Marta Pacheco Pinto
University of Lisbon
ORCID 0000-0002-2043-619X
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When the Translator Ends Up in the Water: A Case Study of Three Fictional Finales
Dedalus 26 (2022), pp. 245-268. Download PDF


This article addresses three fictional stories that cast translators in a similar finale, that of relief in the water. The water as these translators’ final destination is examined in relation to Yōko Tawada’s short story “Saint George and the Translator” (2007 [1993]), Yōko Ogawa’s novel Hotel Iris (2010 [1996]), and João Reis’s novella The Translator’s Bride (2019 [2015]). The question to be discussed from a comparative perspective and close reading approach is why these fictionalized translators end up throwing themselves into the water and what is entailed in this choice of liquidity. Contrary to translators who got into history, the translators around which these storylines revolve are nameless (anonymous) translators going through dysfunctional romantic relationships and struggling with the uncertainties and lack of recognition that pervade the translation profession. The different nuances in meaning of the water motif (symbolizing either purification or redemption, inspiration or destruction) is interrogated on two levels: the fictional translators’ self-perception and will to self-assertion; and their professed ethics and the violence that is to a certain extent inherent to them. The narrative figurations of these issues, which inform translator agency, show that these translators are or feel excluded in/from society, which entails their exclusion in/from history. Attention is given particularly to translators’ inability to cope with the responsibility of translation, and how – paradoxical as it might be – they assert their individual agency by denying their own translational agency. Ultimately, the analysis substantiates Rosemary Arrojo’s claim of “the impossibility of being in[/]visible” (Fictional Representations, 32).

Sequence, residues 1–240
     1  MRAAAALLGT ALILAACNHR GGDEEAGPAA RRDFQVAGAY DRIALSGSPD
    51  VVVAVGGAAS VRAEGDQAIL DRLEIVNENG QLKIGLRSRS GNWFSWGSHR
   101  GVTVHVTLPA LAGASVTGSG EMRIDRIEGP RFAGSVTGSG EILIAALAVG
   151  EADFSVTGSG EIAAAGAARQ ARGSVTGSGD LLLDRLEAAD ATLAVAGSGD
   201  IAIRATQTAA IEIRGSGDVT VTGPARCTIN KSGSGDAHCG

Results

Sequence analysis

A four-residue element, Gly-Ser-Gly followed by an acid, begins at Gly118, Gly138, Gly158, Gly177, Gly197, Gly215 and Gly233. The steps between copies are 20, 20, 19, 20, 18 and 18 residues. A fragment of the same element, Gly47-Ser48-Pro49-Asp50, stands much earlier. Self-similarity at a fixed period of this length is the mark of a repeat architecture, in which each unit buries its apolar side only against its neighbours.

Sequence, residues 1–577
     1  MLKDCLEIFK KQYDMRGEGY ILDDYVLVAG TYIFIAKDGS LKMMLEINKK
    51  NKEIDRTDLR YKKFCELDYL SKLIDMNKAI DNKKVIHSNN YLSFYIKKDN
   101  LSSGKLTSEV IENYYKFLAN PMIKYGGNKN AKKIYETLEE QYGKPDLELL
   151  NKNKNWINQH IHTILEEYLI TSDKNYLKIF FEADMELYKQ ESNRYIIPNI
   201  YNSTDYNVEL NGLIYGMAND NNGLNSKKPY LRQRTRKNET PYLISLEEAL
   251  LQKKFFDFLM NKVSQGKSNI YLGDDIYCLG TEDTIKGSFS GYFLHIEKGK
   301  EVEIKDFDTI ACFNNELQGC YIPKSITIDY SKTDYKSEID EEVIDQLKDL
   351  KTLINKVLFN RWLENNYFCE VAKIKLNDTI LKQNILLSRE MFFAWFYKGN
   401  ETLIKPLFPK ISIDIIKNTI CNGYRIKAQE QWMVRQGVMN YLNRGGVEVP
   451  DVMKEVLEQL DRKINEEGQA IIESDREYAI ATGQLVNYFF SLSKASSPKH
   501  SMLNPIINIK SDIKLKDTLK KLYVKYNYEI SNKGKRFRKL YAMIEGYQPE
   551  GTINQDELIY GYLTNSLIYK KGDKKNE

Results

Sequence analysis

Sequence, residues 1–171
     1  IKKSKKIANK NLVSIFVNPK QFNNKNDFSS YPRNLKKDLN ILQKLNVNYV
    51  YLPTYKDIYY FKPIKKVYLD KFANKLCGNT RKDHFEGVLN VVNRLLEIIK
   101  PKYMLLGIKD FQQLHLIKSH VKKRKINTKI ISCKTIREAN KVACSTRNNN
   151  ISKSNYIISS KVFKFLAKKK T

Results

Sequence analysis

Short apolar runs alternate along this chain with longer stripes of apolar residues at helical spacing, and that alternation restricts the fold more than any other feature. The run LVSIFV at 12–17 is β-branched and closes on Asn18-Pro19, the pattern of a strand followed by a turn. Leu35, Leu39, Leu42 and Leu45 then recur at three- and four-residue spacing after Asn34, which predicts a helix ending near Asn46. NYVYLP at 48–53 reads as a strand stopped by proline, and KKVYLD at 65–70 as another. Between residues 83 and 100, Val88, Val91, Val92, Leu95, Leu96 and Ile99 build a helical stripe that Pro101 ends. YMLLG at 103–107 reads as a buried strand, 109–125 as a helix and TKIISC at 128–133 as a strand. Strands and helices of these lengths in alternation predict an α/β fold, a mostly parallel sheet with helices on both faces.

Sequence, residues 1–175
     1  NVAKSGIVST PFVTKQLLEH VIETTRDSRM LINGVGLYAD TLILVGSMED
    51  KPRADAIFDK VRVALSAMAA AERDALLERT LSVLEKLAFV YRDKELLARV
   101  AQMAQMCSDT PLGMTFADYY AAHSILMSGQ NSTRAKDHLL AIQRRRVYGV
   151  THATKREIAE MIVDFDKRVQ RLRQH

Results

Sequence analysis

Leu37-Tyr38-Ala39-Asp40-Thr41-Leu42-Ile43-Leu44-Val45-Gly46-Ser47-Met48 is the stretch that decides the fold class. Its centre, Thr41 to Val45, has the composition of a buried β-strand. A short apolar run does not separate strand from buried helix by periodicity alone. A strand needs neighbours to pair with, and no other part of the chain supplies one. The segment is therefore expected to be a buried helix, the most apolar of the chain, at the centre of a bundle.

Keywords: fictional translators; agency; in/visibility; water motif; liquidity